Don’t miss the opener: A$AP Rocky sets the stage for Rihanna tonight
blog by Ben Kirst • March 08, 2013 @ 12:06pm
I first heard of Rocky when the ‘Purple Swag’ video started gaining notoriety on indie blogs in late 2011 / early 2012—there was some controversy about a wholesome-looking teenage girl sporting a thick gold grill and lip-syncing screwed-out lyrics that included the verboten n-bomb.
The fact that the young lady was of the Caucasian persuasion added to the somewhat uncomfortable dialogue surrounding the video. The indiesphere seemed to agree that the track itself was fantastic—and it is—but as far as the video goes, there was this kind of undercurrent like, “should we be OK with this?”
The impression that I got from A$AP Rocky, the A$AP Mob and the girl herself (one of Rocky’s friends from his hometown, New York City) is that they couldn’t care less about increasingly dated ideas about propriety, conventional morality or the never-ending debate about race and culture in America.
As Rocky himself said, “Her name’s Anna. She’s from Harlem. She’s 22, or she’s about to be 23 if she’s not 23 already. She’s cool. She’s fun. That’s really the person she is. She does use the [word “n—-a”] all the time – you know, she’s cool like that…She was just one of my friends. She’s so crazy, her with the grilles and everything, I was like ‘Yo, we need to do a video with you rapping along to the lyrics.’ For ‘Purple Swag,’ I always knew I wanted to use a girl for that part, and she just was perfect, so we used her. She just was having fun the whole time, lip syncing and sh*t.”
And that was the beauty of Rocky’s first official mixtape, Live.Love.A$AP—it sounded so fresh, so new, so utterly different than what was popular in the mainstream. Rocky combined styles from all regions of the hip-hop nation. He was as hedonistic and profane as countless other rappers, but his hedonism and profanity had—and maybe this is the wrong word—an innocence to it, a teenage enthusiasm that is often lacking in the hard-edged tales of street crime and braggadocio we find in all angles of the rap spectrum.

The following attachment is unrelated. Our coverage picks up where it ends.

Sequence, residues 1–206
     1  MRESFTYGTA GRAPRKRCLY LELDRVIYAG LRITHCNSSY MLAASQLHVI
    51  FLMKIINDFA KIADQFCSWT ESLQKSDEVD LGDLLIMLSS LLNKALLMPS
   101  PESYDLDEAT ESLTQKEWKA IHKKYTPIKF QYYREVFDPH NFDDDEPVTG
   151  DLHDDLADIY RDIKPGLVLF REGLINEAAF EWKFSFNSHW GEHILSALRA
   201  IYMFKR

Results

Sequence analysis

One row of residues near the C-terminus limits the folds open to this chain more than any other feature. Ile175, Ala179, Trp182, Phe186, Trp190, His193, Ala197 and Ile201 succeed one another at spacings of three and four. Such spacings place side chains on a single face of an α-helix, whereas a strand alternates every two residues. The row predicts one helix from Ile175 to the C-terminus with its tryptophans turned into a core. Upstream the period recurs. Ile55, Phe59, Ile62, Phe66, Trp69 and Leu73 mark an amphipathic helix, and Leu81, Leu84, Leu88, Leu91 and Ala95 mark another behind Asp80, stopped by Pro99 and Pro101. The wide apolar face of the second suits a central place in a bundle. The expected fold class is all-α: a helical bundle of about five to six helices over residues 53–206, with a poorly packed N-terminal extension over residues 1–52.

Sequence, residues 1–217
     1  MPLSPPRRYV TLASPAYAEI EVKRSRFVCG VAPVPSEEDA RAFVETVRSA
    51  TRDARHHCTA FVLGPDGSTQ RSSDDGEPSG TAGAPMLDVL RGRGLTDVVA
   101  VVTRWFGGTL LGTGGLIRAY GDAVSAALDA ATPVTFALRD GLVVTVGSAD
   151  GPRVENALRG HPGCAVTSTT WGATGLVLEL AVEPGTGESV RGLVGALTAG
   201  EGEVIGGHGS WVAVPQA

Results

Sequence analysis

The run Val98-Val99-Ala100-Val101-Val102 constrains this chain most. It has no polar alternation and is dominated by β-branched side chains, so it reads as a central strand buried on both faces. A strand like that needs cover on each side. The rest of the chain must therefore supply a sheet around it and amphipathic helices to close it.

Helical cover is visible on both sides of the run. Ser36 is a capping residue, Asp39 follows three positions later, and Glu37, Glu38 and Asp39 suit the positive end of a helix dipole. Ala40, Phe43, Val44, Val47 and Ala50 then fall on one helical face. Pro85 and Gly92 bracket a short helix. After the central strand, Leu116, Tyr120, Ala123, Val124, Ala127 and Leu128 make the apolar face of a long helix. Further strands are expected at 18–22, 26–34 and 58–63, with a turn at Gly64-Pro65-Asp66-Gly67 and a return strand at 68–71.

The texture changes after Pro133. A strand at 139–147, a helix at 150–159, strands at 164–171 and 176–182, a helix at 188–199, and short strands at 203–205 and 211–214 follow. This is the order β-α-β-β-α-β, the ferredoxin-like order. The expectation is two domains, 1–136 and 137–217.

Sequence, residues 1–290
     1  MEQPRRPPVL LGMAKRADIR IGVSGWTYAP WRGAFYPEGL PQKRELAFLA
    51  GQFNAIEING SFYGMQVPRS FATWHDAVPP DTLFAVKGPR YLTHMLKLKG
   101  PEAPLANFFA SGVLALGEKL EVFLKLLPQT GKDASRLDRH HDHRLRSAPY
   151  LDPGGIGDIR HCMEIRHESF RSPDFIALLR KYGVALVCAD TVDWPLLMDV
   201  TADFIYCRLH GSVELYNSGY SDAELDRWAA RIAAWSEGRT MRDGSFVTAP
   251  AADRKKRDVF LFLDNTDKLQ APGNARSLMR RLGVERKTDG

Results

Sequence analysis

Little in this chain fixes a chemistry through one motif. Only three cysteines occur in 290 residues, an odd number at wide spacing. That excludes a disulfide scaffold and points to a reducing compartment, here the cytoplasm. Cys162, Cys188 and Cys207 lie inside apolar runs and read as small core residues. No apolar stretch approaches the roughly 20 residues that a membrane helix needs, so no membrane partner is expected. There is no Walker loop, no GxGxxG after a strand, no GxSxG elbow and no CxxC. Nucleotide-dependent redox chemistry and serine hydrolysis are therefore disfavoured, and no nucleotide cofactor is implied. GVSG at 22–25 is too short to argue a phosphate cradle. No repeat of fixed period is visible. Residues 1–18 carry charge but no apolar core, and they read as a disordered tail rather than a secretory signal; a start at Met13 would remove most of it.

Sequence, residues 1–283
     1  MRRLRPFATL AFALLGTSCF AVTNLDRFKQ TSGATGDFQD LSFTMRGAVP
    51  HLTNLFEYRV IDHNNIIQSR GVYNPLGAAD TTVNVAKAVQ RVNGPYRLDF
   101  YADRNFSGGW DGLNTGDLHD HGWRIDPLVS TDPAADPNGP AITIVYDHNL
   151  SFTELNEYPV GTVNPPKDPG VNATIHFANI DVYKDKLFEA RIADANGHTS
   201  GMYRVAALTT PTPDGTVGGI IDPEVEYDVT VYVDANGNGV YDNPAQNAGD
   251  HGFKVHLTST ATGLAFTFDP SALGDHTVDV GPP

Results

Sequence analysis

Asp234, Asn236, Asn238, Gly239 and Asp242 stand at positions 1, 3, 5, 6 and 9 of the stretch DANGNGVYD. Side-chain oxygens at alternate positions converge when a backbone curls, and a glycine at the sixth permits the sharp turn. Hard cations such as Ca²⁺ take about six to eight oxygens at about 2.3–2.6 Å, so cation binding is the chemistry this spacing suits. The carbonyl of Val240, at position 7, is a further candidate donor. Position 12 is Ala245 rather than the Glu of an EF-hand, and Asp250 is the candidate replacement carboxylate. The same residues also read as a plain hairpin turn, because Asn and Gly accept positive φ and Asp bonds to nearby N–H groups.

On top of that, he’s just an interesting dude. He’s a Harlem kid who hung out with skaters and artists in Manhattan’s Union Square. He is serious about sartorial style, giving shout-outs to exclusive, obscure labels, lauding specific designers and landing in highbrow fashion spreads. He directed his own videos. He befriended rappers of different styles and mannerisms from all over America. He’s worked with Skrillex and made a guest appearance in a Lana Del Ray video, for crying out loud. The guy is a cultural linchpin.
In January, Rocky released his first studio album, Long. Live. A$AP, and while it has lost some of the immediacy of the mixtape, it still explodes with color and vibrance—not to mention a veritable who’s who of the finest rappers in the game. Long. Live. A$AP features guest spots from Schoolboy Q, Santigold, Kendrick Lamar, 2 Chainz, Drake, Big K.R.I.T., Yelawolf, Danny Brown and Action Bronson, among others. The album is not just the next step in Rocky’s career, it is a document that captures the rising stars of hip hop at what may be the moment just before their apex.
What young cat my age is directing their own videos? What young cat is influencing hip-hop culture and fashion culture at the same time? Look how young I am. I’m the first rapper to be on the cover of VOGUE Magazine, the first rapper. And I’m proud of that, I take pride in that. That’s a dream; I never thought they’d put a black kid from Harlem with gold teeth and braids on the front of Vogue, you know what I’m saying? What other artist you know got their album leaked a month and a week early and I’m still blessed. And it’s because I’m trying to work hard, so how you gonna put me at No. 8, bruh?
So, yeah—if you’re going to see Rihanna tonight, enjoy the show. Just understand that the most important artist—the one we’re still talking about in 10 years—may be the one who takes the stage first.